Medvedev sacks officers over Russia fire failures
Russian President Dmitry Medvedev on Wednesday fired a string of officers over failures to stop wildfires that have killed 48 people as a new blaze raged close to a top secret nuclear research facility.
With the week-long crisis showing no sign of abating, the emergencies ministry said hundreds of new fires had started over the past day and more bodies were found, raising the death toll to 48.
Medvedev cut short his traditional summer break in the southern resort of Sochi and returned to Moscow to chair an emergency meeting of the national security council on the fire disaster.
In a stunning announcement, he formally warned the head of the Russian Navy Admiral Vladimir Vysotsky and his deputy Alexander Tatarinov over "incomplete professional responsibility" in a tackling a fire last week.
Fires from the countryside had ripped through a naval logistics base in Kolomna, southeast of Moscow, and destroyed office buildings and warehouses and equipment.
The damage was colossal: the staff headquarters, financial department, 13 warehouses containing aeronautical equipment and 17 storage areas containing vehicles were destroyed in the blaze.
"I order the ministry of defence to fire a whole number of officers for the disciplinary infringements that were allowed to take place," the president added in televised comments.
Those sacked included the head of the Russian Navy's logistics division Sergei Sergeyev and the head of the Navy's aviation Nikolai Kuklev, Medvedev said.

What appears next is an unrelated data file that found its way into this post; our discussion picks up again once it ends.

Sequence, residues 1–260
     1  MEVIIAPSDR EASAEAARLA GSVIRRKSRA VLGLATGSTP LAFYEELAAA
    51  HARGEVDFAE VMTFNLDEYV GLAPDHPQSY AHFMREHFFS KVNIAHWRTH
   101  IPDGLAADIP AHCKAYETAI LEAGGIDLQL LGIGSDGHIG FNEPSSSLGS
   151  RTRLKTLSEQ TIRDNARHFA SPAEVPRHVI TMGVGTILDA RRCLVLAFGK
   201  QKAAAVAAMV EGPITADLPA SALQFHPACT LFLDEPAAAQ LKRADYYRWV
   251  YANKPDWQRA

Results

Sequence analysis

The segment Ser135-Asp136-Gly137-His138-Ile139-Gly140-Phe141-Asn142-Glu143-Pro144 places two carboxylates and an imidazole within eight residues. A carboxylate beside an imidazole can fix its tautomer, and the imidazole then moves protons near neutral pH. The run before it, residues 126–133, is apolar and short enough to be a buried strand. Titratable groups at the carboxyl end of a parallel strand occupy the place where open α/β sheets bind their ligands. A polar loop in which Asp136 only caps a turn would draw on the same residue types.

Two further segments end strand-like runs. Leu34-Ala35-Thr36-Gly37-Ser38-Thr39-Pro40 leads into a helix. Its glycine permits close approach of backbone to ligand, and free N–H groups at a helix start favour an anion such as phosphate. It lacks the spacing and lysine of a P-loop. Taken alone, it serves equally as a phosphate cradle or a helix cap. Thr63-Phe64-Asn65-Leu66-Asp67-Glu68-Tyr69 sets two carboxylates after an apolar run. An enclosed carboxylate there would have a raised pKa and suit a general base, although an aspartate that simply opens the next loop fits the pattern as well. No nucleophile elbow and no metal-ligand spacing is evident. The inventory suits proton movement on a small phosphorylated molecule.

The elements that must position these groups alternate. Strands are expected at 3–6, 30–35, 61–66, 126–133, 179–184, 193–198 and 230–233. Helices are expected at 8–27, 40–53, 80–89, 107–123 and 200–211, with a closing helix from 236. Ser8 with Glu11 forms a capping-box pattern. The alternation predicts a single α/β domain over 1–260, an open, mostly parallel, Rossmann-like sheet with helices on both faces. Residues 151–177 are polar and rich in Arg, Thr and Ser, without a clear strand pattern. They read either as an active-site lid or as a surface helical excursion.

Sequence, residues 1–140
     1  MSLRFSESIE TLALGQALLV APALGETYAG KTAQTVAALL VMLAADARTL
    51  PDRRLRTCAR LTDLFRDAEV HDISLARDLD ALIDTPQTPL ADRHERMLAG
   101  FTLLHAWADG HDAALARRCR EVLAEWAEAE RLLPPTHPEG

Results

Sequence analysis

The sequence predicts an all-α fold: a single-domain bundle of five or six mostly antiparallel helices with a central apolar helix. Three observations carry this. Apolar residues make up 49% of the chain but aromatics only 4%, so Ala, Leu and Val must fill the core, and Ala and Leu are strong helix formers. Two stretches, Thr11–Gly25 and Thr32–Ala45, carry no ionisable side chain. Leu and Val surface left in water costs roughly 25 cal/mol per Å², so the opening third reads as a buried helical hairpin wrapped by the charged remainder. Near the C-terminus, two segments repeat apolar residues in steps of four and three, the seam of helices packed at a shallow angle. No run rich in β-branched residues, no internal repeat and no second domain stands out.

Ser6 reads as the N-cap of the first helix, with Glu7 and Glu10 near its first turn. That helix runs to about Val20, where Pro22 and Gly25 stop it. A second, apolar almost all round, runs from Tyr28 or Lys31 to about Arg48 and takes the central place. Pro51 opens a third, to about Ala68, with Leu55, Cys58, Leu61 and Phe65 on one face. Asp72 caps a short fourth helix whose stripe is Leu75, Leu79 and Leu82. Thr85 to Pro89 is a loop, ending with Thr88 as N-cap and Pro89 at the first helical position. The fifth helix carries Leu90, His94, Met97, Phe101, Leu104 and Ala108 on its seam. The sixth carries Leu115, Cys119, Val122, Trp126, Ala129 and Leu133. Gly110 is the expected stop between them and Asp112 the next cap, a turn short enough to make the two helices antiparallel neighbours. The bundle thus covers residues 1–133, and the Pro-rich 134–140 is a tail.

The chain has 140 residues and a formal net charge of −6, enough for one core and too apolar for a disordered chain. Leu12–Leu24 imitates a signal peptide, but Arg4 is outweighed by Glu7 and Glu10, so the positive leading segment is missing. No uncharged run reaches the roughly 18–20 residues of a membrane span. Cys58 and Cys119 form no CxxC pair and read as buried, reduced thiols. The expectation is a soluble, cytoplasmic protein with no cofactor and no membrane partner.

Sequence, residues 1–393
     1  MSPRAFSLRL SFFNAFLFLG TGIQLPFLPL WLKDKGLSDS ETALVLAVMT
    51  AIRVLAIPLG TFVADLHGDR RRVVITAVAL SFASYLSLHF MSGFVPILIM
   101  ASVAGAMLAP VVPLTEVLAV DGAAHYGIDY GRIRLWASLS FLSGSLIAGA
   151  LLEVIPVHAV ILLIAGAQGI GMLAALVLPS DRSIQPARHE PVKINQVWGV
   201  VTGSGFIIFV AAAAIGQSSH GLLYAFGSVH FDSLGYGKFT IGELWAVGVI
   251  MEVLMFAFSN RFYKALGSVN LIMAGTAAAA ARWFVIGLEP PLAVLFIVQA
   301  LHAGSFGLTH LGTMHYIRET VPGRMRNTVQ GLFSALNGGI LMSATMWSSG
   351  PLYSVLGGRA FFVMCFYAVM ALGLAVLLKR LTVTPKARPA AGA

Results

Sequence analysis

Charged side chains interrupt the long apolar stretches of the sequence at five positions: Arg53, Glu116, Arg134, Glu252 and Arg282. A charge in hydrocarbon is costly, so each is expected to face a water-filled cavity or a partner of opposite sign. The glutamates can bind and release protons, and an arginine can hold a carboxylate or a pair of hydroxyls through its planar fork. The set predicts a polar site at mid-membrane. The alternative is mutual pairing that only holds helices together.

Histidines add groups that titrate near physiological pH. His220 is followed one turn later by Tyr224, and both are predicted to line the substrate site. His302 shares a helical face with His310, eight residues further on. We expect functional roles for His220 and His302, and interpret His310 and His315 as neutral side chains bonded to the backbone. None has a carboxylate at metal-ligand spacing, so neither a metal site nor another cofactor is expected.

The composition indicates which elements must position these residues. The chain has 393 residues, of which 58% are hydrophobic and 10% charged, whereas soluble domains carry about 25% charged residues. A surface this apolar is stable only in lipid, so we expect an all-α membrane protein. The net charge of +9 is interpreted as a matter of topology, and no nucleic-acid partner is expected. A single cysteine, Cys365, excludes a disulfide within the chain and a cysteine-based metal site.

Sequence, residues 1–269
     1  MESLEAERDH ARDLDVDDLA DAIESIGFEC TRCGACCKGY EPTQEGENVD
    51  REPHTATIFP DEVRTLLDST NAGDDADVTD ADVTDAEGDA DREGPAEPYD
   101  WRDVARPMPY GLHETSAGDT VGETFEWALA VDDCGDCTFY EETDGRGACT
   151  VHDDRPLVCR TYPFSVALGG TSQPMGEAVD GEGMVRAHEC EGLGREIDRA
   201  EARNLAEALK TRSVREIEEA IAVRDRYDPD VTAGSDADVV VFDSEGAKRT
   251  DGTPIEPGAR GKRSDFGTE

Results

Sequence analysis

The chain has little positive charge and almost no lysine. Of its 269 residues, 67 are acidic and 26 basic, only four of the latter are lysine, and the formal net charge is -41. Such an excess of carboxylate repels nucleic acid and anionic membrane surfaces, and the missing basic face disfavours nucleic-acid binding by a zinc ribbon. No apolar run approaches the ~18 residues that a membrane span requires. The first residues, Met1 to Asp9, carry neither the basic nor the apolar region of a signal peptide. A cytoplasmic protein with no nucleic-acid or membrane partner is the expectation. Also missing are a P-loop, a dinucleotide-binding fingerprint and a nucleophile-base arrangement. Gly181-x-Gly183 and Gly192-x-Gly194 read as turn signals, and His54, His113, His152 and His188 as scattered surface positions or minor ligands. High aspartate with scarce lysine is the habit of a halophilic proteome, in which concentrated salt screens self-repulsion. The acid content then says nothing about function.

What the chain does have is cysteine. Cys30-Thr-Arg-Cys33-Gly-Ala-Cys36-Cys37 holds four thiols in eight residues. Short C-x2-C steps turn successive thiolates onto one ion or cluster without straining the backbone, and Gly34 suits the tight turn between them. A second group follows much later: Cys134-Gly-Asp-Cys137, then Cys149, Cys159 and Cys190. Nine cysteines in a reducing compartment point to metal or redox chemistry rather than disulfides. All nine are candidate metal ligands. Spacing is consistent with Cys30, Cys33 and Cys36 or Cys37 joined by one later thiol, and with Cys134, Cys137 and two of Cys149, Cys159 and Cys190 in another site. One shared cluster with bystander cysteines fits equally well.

"If something similar happens in other places and departments, I will act in the same way, without any pity," Medvedev added.
The authorities meanwhile moved to prevent an even greater calamity as wildfires raged within a few kilometres of country's top secret nuclear research facility in Sarov, a city still closed to foreigners.
Officials said all dangerous nuclear materials had been moved away and over 2,000 emergency services personnel and hundreds of members of the armed forces were sent to Sarov.
"All explosive and radioactive materials have been taken away," the head of Russia's nuclear agency Sergei Kiriyenko told Medvedev.
"I can guarantee that even in an extreme situation with squalling winds there is no danger to nuclear security, no threat of radiation, explosions, or environmental consequences," he added.
The emergencies ministry said that over the past 24 hours 403 new forest fires had been recorded, while 293 fires had been extinguished over the same period.
It said that 520 forest fires were still raging in Russia, covering a total area of 188,525 hectares (465,000 acres). The situation has deteriorated from Tuesday, when the total area was 172,372 hectares.
Eight more bodies were found in burned-out houses and "altogether 48 people have been killed" in the fires, it said.
A heavy smog from the wildfires burning in the countryside around Moscow again blanketed the Russian capital with visibility in the city centre only 300 metres in the early morning.
As the authorities tried to show they were on top of the situation, strongman Prime Minister Vladimir Putin visited the Voronezh region south of Moscow, one of the areas worst hit by the flames.
"The situation here is complicated, the heat is unimaginable for these locations, the strongest in 140 years," he said.
Prosecutors have meanwhile opened a criminal case into negligence over the failure of officials at a national park in the Sverdlovsk region in the Urals to take timely measures to extinguish fires.
The fires have been sparked by Russia's worst heatwave in decades which saw all-time temperature records in Moscow tumble throughout the last month.
However officials have also lashed out at the public for making the situation even worse over the weekend by carelessly leaving campfires burning during their excursions to the countryside.
© 2010 AFP